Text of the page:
Based on the numbers above, you may also need to consider the braking capabilities of both the tow vehicle and trailer. Does your trailer have its own braking system? If so, trailer brake modules can be offered as standard or optional equipment, or as an aftermarket upgrade for your vehicle. Heavy-duty trucks will have a firmer suspension while some light-duty trucks and SUVs feature an air-ride setup to accommodate for the added weight of a trailer and cargo payload. If your towing needs are frequent but varying, you’ll want to accommodate for the higher end of this spectrum.
Trailer Towing Tech
If you’re new to towing a trailer, it may take some time to become comfortable with parking, changing lanes, or backing up. Modern features like back-up cameras make the process of hitching up substantially faster and easier. Blind-spot detection systems have even become more sophisticated by incorporating the length of the trailer. It may seem simple, but the Ram 1500’s towing package features mirrors that flip in and out, so you get added coverage but don’t have to worry about the additional drag or width of towing mirrors when you aren’t hauling anything.
Manufacturers have also been adding fancy new tech to help with drivers with the task of towing. GMC’s HD trucks now offer a ProGrade Trailering System that includes a Transparent Trailer View which lets you see inside or behind the trailer you’re towing. That’s pretty neat stuff. For those who can’t get the hang of backing up a trailer, Ford’s Pro Trailer Backup Assist allows you to direct the trailer with a dash-mounted knob.
Other features to consider are either four- or all-wheel drive. Whether navigating a wet boat ramp, a steep grade, loose gravel, or poor weather, having additional traction and grip will increase your comfort, confidence, and safety.
There are times when technology can work against you. Some vehicles equipped with systems like rear cross-path detection alert with emergency braking aren’t able to differentiate between an oncoming obstacle and a trailer, leaving you unable to reverse until you scroll through the settings to disengage.
It’s not only about numbers. Just because a vehicle is technically capable of towing your trailer, doesn’t mean it should. This summer I witnessed a gentleman ahead of me at the boat launch backing up his boat and trailer down the ramp with his Mustang GT. Granted, the 420 lb-ft of torque provided by the 5.0L V8 was up to the task, but the rest of the setup was not. The rear suspension sagged from the added mass of the boat and trailer weighing on the hitch. Given how low the Mustang is, the car was submerged in water halfway up the doors before the boat starting floating. Embarking up a wet ramp covered in algae with rear-wheel drive and performance summer tires as he tried to exit the water also did not go smoothly.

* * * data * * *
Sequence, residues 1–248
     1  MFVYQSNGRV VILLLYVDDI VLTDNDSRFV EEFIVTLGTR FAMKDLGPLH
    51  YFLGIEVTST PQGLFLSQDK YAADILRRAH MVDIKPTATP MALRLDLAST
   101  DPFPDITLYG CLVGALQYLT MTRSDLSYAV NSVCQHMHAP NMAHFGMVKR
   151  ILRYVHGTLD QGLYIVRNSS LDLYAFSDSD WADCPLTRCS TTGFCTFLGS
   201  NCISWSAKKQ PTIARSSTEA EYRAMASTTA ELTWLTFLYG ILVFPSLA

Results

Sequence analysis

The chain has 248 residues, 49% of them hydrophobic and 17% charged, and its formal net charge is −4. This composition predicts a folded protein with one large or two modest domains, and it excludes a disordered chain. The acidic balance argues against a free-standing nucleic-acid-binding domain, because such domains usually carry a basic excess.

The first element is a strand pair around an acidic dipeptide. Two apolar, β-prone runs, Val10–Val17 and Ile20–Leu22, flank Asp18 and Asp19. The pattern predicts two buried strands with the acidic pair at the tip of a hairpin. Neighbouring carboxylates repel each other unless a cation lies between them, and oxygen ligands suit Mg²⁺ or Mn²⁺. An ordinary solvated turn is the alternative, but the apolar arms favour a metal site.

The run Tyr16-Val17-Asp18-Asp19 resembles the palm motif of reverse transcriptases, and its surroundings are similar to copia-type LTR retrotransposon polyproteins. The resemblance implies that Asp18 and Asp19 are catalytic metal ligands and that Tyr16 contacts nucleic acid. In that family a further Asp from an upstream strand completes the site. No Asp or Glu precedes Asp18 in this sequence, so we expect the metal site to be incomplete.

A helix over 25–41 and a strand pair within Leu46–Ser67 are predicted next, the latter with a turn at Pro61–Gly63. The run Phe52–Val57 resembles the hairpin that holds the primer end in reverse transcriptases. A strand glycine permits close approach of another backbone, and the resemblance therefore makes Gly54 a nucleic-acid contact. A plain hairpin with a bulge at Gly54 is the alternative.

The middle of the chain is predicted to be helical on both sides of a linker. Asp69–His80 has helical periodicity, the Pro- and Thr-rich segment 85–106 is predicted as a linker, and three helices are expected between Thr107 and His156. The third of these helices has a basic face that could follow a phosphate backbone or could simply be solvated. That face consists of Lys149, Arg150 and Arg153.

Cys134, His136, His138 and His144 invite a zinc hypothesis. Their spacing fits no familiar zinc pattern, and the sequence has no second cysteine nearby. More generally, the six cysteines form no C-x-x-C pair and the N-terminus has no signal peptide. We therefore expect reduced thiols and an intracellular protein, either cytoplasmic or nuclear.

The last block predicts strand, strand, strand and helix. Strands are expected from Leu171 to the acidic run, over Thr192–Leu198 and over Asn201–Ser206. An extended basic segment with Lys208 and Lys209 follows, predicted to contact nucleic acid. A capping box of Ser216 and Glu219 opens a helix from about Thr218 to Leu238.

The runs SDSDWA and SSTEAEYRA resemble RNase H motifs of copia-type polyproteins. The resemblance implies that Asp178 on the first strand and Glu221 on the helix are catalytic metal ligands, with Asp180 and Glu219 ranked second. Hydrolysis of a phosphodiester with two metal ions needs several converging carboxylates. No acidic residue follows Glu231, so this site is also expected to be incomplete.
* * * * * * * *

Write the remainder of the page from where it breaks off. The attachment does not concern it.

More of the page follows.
Having a pair of Yamaha Waverunners at my disposal for a week, I took the opportunity to try towing them with two different vehicles. First, with a 2020 Jeep Grand Cherokee Laredo equipped with a 3.6L V6 good for 295 hp and 260 lb-ft of torque, then with my own 2010 Volvo XC70 3.2. Neither had a V8 but both vehicles were more than up to the task, with each having their own pros and cons.. The combined weight of the GP1800R HO and FX SVHO, including the trailer and fuel, were well within the Jeep’s maximum towing capacity of 2,812 kg (6,200 lb). The back-up camera and tow package made connecting the trailer and lights quick and easy.
My ten-year-old Volvo, on the other hand, had none of the technology listed above, aside from all-wheel drive. The trailer hitch and lighting module were both aftermarket units installed recently at the dealership. Without a back-up camera, connecting was a bit of a guessing game, requiring a couple tries to get the trailer lined up. Once connected, towing was a breeze despite its smaller 3.2L inline-six-cylinder engine making 235 hp and 236 lb-ft of torque, with a far lower maximum towing capacity of 1,497 kg (3,300 lb). Being a wagon with a lower centre of gravity meant that the trailer didn’t sway nearly as much going around turns or over uneven pavement.
On the opposite side of the spectrum is the 2020 Ford F-250 Super Duty. Optioned with the 7.3L gasoline V8, the powerplant boasts 430 hp and 475 lb-ft of torque. The maximum tow rating for the unit I recently tested is 6,804 kg (15,000 lb), so pulling the 860 kg (1,896 lb) curb weight of the Kawasaki Teryx KRX 1000 as well as its single-axle aluminum trailer with the help of a Class II hitch adapter didn’t exactly cause the Super Duty to sag or struggle. In fact, there were times I forgot I was towing a trailer at all. Given the $72,594 sticker price (before taxes) and 19.6 L/100 km fuel consumption I experienced over the course of the week, I’d say that it was indeed overkill. It was also far too big to fit in my garage and parking space.
Last summer I was provided with a 2,495 kg (5,500 lb) Keystone Passport 2670 BH luxury camper from Sicard RV for a week, which I towed with the Ram 1500 Sport mentioned above. As soon as I connected the two, the truck’s computer recognized the size and weight of the trailer, automatically setting up the brakes, recalibrating the blind spot detection, and adjusting the truck’s air ride suspension. It was the right truck for the job, but also not too large and ungainly to use as a daily driver.
Oftentimes trucks are purchased for fun over function, prestige rather than practicality. Their off-road and hauling capabilities can far surpass what they will be regularly used for. That being said, light-duty trucks are also much more comfortable to drive and easier to park than previous generations. Many trucks and SUVs offer more fuel-efficient powertrain options, so it is up to you and your towing needs to make a decision that best suits your lifestyle and budget.
Based on this information, buying a truck may either be overkill or essential. If you simply won’t be happy with anything other than a large truck or SUV, then buy one. But you may be able to save yourself a few shekels if you focus more on what you need rather than what you want.